Dr Wyn Thomas is a history tutor at Swansea University. His book Hands Off Wales (Gomer, 2013), a superbly researched account and analysis of the militant campaigns carried out in the name of Welsh political nationalism between 1963 and 1969, has been called the definitive account of this period of militancy. He also wrote and presented BBC1’s Tryweryn: 50 years on.
Based on over a decade of interviews with John Barnard Jenkins, mastermind and leader in the 1960s of Mudiad Amddiffyn Cymru, or MAC, John Jenkins: A Reluctant Revolutionary? is a sensational biography that is not just a study of one man, but an absorbing social history which analyses in depth the cultural background to and impact of MAC’s protest bombing campaign. The biography has been described by journalist and author Jon Gower on Nation.cymru as a “morally challenging book to read, especially if one agrees with many of the sentiments expressed by John Jenkins about the historical injustices meted out to the Welsh.”
Here, Dr Wyn Thomas answers some questions regarding his love of history, the background of how he came to write the book and the importance of remaining balanced, impartial and fair as a historian:
1. What first sparked a love of history in you?
History has held a fascination for me since very early childhood. As with music, history has always touched me in a way which is almost spiritual in its intensity. I appreciate that statement seems dramatic – indeed pretentious – but I have no other way of describing it. Initially, I assumed others felt as I did. But it soon became apparent through the attitude of friends, peers and contemporaries – some of whom certainly enjoy history – that this was not the case.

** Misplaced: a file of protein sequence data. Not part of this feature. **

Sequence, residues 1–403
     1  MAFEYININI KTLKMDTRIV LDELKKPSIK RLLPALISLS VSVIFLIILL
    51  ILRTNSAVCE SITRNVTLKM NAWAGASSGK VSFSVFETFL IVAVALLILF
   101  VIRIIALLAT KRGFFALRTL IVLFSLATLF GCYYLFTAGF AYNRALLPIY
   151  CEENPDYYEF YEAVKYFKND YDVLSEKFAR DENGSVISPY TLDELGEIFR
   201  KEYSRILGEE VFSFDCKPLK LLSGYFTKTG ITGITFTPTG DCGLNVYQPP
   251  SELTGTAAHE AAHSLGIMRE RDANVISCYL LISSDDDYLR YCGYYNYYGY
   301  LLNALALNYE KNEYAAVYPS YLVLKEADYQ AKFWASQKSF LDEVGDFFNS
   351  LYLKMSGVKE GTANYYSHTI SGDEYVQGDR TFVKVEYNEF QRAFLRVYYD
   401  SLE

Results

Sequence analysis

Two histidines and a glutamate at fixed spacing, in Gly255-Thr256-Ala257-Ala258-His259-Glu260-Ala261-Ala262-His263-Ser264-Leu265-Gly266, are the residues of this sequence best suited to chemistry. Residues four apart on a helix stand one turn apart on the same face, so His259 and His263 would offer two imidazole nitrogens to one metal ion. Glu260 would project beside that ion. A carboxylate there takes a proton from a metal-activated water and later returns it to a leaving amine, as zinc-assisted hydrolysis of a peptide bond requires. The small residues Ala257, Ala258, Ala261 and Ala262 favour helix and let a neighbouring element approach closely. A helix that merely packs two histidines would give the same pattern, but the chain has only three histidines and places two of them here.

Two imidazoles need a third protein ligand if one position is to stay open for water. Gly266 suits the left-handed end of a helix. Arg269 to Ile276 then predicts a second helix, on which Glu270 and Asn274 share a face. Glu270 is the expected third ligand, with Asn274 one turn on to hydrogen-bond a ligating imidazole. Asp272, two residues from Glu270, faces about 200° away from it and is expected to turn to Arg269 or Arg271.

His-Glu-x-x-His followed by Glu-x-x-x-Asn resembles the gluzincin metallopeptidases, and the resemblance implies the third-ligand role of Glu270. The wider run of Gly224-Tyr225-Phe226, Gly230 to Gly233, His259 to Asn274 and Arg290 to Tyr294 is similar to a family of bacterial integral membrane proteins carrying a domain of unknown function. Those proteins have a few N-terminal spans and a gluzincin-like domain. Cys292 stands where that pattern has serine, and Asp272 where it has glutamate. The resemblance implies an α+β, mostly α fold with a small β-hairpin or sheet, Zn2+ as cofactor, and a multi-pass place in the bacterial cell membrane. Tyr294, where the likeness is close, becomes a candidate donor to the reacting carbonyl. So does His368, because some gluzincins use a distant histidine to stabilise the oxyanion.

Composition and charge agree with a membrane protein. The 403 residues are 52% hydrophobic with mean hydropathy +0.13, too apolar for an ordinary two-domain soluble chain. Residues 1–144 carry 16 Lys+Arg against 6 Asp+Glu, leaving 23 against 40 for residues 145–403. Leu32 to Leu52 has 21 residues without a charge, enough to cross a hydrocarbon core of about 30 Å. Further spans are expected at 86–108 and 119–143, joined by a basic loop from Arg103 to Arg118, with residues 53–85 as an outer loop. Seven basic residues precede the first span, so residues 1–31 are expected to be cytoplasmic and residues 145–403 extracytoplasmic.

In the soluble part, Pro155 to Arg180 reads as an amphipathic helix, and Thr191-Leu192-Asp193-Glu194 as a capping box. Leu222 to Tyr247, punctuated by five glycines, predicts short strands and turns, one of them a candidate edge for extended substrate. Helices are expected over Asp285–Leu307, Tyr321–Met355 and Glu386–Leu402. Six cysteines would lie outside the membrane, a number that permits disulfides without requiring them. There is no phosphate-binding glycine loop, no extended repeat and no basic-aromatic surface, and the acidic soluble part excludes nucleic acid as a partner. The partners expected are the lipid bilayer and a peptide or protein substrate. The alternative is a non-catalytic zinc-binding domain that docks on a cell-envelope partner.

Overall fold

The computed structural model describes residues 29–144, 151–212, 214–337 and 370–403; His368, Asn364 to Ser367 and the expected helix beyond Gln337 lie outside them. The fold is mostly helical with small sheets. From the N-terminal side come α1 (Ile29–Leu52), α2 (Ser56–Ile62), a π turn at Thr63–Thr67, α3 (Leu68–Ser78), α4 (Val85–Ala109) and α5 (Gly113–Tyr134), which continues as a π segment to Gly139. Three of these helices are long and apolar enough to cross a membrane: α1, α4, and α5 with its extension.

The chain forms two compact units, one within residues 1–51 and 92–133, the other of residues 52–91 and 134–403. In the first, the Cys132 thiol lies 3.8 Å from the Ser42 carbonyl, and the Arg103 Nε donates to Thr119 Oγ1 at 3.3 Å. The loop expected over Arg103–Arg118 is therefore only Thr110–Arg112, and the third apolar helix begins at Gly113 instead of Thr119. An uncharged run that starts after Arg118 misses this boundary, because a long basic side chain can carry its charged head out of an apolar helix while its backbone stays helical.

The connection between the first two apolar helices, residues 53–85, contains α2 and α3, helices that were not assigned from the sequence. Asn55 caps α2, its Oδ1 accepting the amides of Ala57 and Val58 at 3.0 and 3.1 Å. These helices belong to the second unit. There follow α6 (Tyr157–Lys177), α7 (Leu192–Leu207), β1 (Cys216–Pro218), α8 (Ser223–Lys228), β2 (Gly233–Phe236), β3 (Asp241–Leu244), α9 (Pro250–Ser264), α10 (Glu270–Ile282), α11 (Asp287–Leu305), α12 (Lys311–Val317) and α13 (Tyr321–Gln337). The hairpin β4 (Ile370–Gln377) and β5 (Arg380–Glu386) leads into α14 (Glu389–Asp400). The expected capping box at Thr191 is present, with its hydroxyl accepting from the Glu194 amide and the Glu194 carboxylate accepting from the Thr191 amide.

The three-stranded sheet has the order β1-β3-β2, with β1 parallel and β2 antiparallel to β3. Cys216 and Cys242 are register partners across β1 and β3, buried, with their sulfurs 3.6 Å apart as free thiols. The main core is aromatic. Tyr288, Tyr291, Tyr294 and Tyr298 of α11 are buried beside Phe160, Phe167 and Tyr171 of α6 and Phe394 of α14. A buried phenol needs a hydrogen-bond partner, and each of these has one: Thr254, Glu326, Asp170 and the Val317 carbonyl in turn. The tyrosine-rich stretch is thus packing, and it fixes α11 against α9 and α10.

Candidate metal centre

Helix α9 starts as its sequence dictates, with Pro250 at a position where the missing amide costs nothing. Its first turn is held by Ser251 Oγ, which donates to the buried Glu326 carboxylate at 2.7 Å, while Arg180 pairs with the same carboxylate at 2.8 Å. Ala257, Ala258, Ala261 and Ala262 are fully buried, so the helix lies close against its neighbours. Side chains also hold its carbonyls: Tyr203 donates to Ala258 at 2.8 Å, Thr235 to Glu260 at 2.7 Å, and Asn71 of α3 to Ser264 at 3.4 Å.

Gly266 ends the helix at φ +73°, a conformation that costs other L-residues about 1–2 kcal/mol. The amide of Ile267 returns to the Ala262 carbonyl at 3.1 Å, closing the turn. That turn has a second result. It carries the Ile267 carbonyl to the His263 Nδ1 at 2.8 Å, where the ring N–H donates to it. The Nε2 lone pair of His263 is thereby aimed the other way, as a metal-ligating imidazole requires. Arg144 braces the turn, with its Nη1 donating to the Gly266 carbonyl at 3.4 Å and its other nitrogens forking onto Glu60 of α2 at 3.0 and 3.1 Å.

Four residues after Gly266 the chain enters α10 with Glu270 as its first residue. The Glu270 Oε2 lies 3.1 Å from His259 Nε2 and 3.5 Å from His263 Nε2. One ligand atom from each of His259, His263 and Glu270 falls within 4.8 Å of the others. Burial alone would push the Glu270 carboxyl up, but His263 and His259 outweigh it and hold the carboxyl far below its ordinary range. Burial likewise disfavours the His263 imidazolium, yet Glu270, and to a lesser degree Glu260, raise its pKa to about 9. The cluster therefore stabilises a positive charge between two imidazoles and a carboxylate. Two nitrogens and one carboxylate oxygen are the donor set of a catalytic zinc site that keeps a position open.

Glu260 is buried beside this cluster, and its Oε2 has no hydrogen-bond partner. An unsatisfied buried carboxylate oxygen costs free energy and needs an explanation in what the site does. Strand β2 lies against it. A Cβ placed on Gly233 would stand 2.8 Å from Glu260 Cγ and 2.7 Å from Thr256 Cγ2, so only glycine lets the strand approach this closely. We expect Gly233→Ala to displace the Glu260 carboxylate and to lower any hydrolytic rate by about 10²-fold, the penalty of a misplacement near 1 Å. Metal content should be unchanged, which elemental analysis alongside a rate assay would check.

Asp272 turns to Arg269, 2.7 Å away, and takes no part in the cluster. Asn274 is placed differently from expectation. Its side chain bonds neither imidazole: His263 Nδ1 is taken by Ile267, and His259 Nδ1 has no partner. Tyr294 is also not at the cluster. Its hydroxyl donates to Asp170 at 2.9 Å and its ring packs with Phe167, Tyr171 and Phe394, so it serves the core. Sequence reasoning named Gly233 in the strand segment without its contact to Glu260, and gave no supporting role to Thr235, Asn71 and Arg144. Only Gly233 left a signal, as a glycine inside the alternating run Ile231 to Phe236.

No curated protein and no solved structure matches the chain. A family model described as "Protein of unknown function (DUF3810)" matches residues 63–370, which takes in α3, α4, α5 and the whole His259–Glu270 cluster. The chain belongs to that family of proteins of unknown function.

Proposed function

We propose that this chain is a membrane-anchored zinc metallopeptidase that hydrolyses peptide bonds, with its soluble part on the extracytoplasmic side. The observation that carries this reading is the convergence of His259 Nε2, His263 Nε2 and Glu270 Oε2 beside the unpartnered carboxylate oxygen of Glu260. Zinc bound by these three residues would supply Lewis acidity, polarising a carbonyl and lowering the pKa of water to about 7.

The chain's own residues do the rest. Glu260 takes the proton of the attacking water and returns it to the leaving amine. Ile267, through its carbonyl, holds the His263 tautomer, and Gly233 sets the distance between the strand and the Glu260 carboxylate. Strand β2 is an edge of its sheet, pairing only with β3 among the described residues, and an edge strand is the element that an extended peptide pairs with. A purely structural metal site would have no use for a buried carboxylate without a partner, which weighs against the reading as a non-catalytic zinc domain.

I’m not sure why I should feel so drawn to history. A friend, who believes in regression, suggested a link to the past through my having experienced past lives. Who am I to argue? But she may have a point. Because integral to my relationship with history was watching The World at War, which was screened on ITV on Sunday afternoons in the early 1970s. Knowing I was aged only 6 and 7, I’m not altogether sure how, or why, my parents allowed me to watch The World at War as regularly as I recall doing so. But I am very grateful that they did. Because the impact on my developing intellect was significant to say the least. The World at War was so absorbing; and I looked forward to watching it. Although, I have to assume that I was more attracted to the visual aspect of the production – and perhaps Laurence Olivier’s wonderful narration – than the intricacies of the epochal political picture. Yet, I should add that it was the sights and sounds which really struck a chord with me: the wailing cry of the air raid siren; the savage destruction of the blitz; and indeed, the sad, poignant songs of the era.
Nonetheless, I was also at this point hearing historical stories in school – most notably, stories which concerned British history. My interest was piqued further, when my parents bought a copy of The Heritage of Britain, in 1975. I still dip into it. The pictures and accounts of Britain’s historical journey – even if the principal story concerns England – bring back wonderful memories of my reading the book all those years ago. But it was Mrs Jennie Davies, my Primary School teacher in Llandrindod, who first recognised and nurtured my love of history. Those Friday afternoons, when Mrs Davies read accounts of both Welsh and British history, was the highlight of my tutored week.
2. Which books or historians have most influenced your own writing?